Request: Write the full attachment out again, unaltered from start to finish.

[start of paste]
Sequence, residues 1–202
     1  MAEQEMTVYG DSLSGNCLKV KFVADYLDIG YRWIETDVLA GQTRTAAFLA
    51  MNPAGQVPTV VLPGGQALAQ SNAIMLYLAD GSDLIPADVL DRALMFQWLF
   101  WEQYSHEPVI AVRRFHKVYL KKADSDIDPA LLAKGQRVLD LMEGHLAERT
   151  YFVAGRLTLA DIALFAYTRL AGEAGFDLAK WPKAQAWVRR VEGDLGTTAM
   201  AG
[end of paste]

Sequence, residues 1–202
     1  MAEQEMTVYG DSLSGNCLKV KFVADYLDIG YRWIETDVLA GQTRTAAFLA
    51  MNPAGQVPTV VLPGGQALAQ SNAIMLYLAD GSDLIPADVL DRALMFQWLF
   101  WEQYSHEPVI AVRRFHKVYL KKADSDIDPA LLAKGQRVLD LMEGHLAERT
   151  YFVAGRLTLA DIALFAYTRL AGEAGFDLAK WPKAQAWVRR VEGDLGTTAM
   201  AG